MLN (also known as MLN 0128, INK128, TAK-228 and sapanisertib) is novel allosteric and ATP-competitive mTOR inhibitor. Unlike rapamycin, this compound inhibits both TORC1 and TORC2 complexes. The mechanism of overcoming rapamycin resistance by MLN was revealed by Rodik-Outmezguine et al. [4] Further studies confirmedactivity of this substance in i.a. pancreatic and bladder cancer cell lines and xenografts [6,7]. At present, MLN undergoes clinical trials in many indications, including solid tumours. It is also under investigation as single agent in locally advanced or recurrent soft tissue sarcomas, the results are awaiting in 2020/2021 [8].

Gemcitabine is commonly using chemotherapeutic, according to recent recommendations is one of agents to be used in standard systemic treatment of uterine sarcomas [9]. Gemcitabine is one of the most active agents in this group of cancers although the obtained results remainunsatisfactory [10].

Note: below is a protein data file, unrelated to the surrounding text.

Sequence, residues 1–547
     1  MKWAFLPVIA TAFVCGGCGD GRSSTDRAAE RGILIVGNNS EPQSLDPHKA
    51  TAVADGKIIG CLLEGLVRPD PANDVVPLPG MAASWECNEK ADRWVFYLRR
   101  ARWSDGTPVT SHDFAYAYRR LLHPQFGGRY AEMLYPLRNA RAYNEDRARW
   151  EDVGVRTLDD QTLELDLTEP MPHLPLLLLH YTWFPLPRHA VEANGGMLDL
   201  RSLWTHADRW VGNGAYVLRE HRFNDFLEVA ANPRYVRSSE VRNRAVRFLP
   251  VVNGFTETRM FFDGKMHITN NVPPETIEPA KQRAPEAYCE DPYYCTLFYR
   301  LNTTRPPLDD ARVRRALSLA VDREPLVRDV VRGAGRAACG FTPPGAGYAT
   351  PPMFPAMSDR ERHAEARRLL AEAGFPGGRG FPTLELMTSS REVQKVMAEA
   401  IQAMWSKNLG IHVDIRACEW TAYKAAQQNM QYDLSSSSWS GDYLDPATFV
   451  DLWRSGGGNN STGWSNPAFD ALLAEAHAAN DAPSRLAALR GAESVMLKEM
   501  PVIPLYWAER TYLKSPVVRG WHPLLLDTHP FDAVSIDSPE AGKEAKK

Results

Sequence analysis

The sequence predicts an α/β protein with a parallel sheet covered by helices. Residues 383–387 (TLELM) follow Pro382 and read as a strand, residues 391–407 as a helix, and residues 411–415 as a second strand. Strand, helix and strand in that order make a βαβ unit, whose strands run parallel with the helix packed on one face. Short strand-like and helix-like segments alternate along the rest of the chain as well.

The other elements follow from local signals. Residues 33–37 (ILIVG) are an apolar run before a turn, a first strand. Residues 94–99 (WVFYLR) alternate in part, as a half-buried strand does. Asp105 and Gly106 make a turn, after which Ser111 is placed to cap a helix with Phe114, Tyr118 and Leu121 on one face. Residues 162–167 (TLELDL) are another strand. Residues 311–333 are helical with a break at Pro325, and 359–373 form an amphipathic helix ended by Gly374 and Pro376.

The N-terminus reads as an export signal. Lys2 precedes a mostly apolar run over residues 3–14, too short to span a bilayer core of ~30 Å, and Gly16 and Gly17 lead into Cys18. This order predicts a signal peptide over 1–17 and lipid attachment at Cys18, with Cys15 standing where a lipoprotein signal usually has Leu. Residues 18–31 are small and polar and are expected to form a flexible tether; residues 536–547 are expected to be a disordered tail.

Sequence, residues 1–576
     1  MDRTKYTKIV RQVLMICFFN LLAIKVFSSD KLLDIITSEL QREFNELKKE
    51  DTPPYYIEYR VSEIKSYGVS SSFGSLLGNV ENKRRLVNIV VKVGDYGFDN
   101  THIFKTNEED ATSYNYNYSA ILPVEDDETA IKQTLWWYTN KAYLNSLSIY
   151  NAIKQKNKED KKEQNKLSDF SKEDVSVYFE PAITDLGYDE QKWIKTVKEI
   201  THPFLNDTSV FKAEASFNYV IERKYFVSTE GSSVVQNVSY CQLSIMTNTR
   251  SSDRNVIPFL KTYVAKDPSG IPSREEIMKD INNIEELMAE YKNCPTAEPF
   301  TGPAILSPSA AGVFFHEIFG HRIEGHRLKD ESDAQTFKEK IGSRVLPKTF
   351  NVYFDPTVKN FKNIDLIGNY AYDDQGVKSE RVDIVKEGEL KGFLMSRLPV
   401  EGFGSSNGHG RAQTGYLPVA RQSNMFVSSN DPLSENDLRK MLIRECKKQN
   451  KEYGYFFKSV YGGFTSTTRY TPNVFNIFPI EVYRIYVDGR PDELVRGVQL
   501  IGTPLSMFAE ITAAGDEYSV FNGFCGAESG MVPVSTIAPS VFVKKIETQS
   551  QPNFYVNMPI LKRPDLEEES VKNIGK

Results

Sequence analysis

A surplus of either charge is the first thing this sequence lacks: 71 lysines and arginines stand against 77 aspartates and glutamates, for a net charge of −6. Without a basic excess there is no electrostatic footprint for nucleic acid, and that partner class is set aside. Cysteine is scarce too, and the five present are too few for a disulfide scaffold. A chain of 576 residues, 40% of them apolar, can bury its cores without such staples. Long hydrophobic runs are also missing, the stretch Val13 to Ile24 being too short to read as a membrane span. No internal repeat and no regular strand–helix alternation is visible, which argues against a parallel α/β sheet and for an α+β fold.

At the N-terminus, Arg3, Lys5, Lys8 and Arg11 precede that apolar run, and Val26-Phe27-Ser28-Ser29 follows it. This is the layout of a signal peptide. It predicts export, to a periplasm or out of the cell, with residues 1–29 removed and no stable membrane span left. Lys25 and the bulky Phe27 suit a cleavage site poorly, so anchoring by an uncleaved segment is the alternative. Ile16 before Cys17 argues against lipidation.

Hyperactivation of mTOR/AKT/PI3K and overexpression of this pathway members are frequently reported in uterine sarcoma and carcinosarcoma [5,11]. Although, this pathway is considered to be one of most promising target for future therapies [5, 9, 12], none of tested mTOR inhibitors was approved by FDA to be used in treatment of uterine sarcomas and carcinosarcomas. Small number of studies on sarcomas and their unsatisfactory results are the reason for this situation. In most cases patients experienced limited clinical benefit accompanying by severe side effects due to toxicity of agents even in therapeutic doses [5, 13, 14].